Reply
    • Replies to Martin Andrew>

      Comment by Gary Townley posted on

      Hi Martin, By filing a patent application you have a patent pending which puts people on alert that a patent may be granted on the invention. The patent protection if granted will run for 20 years from the application or the priority date. If you wish to show the invention before the patent is granted you may do so.

      If the invention is infringed while the application is still being processed you can ask for the application to be accelerated.

      Reply
  3. Comment by Arthur posted on

    Hi, I have been offered the chance to licence a 'patent pending' invention but I am unsure of the patent's likelihood to ever be granted and therefore, I am concerned about people copying what I am licensing. As far as I can tell the product has been on sale since some years before the patent had been applied for. It's my understanding that a patent could never be granted on an invention that is already in the public domain. Am I right or am I missing something?

    Reply
    • Replies to Arthur>

      Comment by Gary Townley posted on

      Hi Arthur, you are correct an invention must be new when it is filed, any prior disclosure may invalidate a patent. What you should do is have a look at the patent application to see exactly what they are claiming as the invention, you might find that it is an improvement to the original product which is often the case.

      Before entering into an agreement it would be best to seek legal advice.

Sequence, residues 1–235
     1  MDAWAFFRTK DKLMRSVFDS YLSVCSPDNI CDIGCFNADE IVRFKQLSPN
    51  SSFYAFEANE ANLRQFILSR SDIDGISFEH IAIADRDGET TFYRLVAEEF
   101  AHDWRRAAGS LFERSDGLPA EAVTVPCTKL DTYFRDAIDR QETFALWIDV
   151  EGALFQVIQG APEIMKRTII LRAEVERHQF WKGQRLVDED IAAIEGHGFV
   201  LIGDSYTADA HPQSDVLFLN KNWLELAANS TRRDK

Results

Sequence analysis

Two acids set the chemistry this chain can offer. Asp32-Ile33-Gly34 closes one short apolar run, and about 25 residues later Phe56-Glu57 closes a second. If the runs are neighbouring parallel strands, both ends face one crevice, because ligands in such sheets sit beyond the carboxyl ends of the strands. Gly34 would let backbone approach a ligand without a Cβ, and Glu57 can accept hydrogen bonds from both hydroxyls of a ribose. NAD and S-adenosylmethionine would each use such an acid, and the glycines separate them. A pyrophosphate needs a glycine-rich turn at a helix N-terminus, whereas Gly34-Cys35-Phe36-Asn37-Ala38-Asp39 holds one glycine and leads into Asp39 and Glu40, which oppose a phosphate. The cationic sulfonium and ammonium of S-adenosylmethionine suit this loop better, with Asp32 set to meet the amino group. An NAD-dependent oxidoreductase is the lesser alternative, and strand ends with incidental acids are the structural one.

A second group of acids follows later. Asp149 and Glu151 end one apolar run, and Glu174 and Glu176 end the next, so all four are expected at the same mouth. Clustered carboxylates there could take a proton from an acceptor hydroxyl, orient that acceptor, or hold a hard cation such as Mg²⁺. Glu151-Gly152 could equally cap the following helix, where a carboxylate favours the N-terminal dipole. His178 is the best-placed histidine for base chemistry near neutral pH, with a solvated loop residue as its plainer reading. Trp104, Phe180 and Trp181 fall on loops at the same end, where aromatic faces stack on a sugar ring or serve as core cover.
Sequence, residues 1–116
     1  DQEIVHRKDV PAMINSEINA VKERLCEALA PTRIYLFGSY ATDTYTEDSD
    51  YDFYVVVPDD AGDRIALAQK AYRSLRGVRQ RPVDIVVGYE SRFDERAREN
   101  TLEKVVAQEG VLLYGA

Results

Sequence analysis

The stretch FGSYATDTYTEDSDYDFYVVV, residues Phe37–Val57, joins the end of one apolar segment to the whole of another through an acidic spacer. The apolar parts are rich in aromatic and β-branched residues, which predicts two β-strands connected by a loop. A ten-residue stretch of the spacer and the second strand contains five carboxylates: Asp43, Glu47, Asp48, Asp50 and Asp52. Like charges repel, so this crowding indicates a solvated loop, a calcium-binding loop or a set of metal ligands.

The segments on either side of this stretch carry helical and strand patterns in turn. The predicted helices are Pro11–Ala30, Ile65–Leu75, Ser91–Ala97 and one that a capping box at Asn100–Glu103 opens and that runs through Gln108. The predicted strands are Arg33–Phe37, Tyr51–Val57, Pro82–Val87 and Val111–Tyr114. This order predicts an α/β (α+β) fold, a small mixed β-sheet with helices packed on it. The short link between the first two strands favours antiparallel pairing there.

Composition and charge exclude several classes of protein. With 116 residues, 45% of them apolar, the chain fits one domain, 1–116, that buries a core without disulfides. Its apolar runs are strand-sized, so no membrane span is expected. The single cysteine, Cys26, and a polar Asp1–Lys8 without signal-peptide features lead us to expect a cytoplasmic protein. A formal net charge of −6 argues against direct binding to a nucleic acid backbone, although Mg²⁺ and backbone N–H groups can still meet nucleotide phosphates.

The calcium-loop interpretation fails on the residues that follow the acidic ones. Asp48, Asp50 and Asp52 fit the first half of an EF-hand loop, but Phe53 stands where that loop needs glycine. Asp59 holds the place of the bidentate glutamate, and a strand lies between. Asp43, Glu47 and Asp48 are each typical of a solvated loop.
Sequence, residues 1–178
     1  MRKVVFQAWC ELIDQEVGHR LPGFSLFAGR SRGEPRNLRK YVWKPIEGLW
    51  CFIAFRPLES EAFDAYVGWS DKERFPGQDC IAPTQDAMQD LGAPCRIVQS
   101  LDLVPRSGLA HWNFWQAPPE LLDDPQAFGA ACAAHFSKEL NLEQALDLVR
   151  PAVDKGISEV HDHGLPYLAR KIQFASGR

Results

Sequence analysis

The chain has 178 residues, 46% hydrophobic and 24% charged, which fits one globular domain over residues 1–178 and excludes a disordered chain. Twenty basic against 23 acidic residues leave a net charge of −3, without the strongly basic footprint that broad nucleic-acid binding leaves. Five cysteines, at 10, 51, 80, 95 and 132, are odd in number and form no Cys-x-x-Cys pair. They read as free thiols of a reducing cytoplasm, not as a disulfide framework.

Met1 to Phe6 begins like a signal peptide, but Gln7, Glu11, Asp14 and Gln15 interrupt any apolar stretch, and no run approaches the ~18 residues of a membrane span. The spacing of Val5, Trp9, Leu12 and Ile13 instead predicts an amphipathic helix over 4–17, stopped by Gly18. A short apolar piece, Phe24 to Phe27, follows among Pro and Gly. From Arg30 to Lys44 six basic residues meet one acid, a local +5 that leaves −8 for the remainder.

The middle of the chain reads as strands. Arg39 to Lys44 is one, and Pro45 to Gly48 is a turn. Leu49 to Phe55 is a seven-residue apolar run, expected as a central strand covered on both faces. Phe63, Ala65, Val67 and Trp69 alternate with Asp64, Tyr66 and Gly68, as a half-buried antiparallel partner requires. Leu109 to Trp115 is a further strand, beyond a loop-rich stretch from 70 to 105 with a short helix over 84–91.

Cheers

      Gary

      Reply
      • Replies to Gary Townley>

        Comment by Arthur posted on

        Thanks Gary, it was a newly designed product back then when it was first made available and the patent is simply for that product design. I will seek further help but it looks like it may be a worthless application.

        One last question if I may; is it quite feasible then, that almost any invention can have 'patent pending' status even though it is extremely likely that a patent will never be granted?

        Thanks again.

        Reply
    • Replies to Arthur>

      Comment by Gary Townley posted on

      Hi Arthur, we receive around 23000 applications per year for patents, of which around 8000 will be granted.

      All these can be marked patent pending until they are withdrawn, refused or granted.

      Regards

      Gary

      Reply
  4. Comment by Tammy posted on

    Hi, I have a patent pending in the USA and would like to start selling my product in Europe. Can I transfer this patent pending to European countries or do I need to file in each country?

    Reply
    • Replies to Tammy>